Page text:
Recently, two issues have popped up across my desk that needs to be address in terms of professionalism and ethics in reporting the news. The first deals with sharing of information, and the other is what is proper and not proper to write about. Both are serious and needed to be address, so I decided to kill two birds with one stone in this article.
A plaguing problem that I have had to deal with day in and day out is the rampant plagiarism of some of my articles. I am always interested in sharing news and information for other websites and appreciate the fact that I have been one of the better sources for women’s mixed martial arts news. However, simply copying and pasting a post on another website without any credit is lazy and is one of the most impolite and insulting things to do. If you want to use my information on your website, all I request is two things. First, make sure to attribute the information to WombatSports.com. Second, write your own piece about the information. It’s the best way you can differentiate your site and make a name for yourself.
Now on to the other issue that has popped up this week. Since the Atchley Gate scandal, more fighters have been coming forward with gripes and allegations that have been plaguing the community for a while. The major focus has been on a certain person who has been asking certain unnerving and uncomfortable questions towards fighters for his posts. The person in question has been trying to repent, but his reputation in the community is pretty much ruined. You can read about some of the allegations about this person on the Supporting WMMA website.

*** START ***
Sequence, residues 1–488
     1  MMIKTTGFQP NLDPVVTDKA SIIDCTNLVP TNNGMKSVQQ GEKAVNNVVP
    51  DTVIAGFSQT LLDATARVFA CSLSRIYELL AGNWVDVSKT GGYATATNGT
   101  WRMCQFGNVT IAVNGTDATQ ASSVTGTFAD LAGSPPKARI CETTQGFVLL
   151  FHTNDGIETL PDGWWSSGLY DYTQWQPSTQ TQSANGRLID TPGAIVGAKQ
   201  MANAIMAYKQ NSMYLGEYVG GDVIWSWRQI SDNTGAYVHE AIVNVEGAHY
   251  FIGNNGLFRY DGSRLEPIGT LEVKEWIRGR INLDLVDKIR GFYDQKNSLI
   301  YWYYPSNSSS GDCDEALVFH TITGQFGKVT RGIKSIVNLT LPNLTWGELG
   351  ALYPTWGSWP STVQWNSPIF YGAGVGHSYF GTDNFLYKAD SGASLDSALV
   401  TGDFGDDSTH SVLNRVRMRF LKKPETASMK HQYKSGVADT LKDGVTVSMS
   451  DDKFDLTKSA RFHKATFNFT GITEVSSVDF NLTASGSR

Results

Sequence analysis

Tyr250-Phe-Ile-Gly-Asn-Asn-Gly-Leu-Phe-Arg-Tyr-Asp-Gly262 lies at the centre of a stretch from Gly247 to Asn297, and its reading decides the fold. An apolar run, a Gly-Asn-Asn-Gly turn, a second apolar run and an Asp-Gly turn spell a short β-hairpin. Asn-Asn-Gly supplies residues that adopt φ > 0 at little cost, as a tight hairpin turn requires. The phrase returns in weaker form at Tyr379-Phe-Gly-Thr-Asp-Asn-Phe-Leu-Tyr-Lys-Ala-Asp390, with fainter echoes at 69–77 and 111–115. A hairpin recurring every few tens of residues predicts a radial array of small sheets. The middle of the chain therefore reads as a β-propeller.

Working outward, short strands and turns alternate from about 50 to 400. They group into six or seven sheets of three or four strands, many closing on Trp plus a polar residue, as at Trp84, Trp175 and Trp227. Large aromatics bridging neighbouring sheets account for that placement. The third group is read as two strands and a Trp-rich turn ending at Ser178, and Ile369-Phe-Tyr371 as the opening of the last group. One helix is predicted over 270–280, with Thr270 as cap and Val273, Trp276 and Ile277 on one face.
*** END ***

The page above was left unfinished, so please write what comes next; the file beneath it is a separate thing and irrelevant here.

The person in question writings brings us back to a time when it was the wild wild west in WMMA journalism; when the only reason a female fighter got coverage was because they were “hot and sexy”. Since then, sites dedicated to cover the women’s divisions in mixed martial arts has evolved, focusing on the fighters as well trained athletes first and foremost. The best way to be taken seriously as a journalist is to do so.
We cannot deny there is an audience still for the more sexy side of the sport, but there is a line that shouldn’t be crossed. From the allegations I am hearing from fighters, the person in question has crossed it more than once.
The thing about being a journalist in the sport is that the relationship is cyclical. We cover the fighters, and the fighters gives us information and insight. You need a good relationship with fighters, and asking them inappropriate questions is basically a death null for your credibility. It makes you a blogger for the most part, who talks about news from other sites, and doesn’t give credence to the subject matter you are writing about. Fighters need to be aware that they have the power to give coverage to whoever they deem fit, and to show awareness of those creeps that make them uncomfortable.
Do I think reporting WMMA news always has to be serious? Not at all. I from time to time do fun articles, but I make sure that my subject is respected and I am comfortable with it.
The best thing we can do is not read articles that disrespect the fighters and WMMA as a whole. (Why I haven’t named this person in the article.) Internally, we must educate and encourage some up and coming reporters to focus on the important things of the sport, and not to rely on the “sexy” angles for their reporting.
Filed under: MMAPowered by Sidelines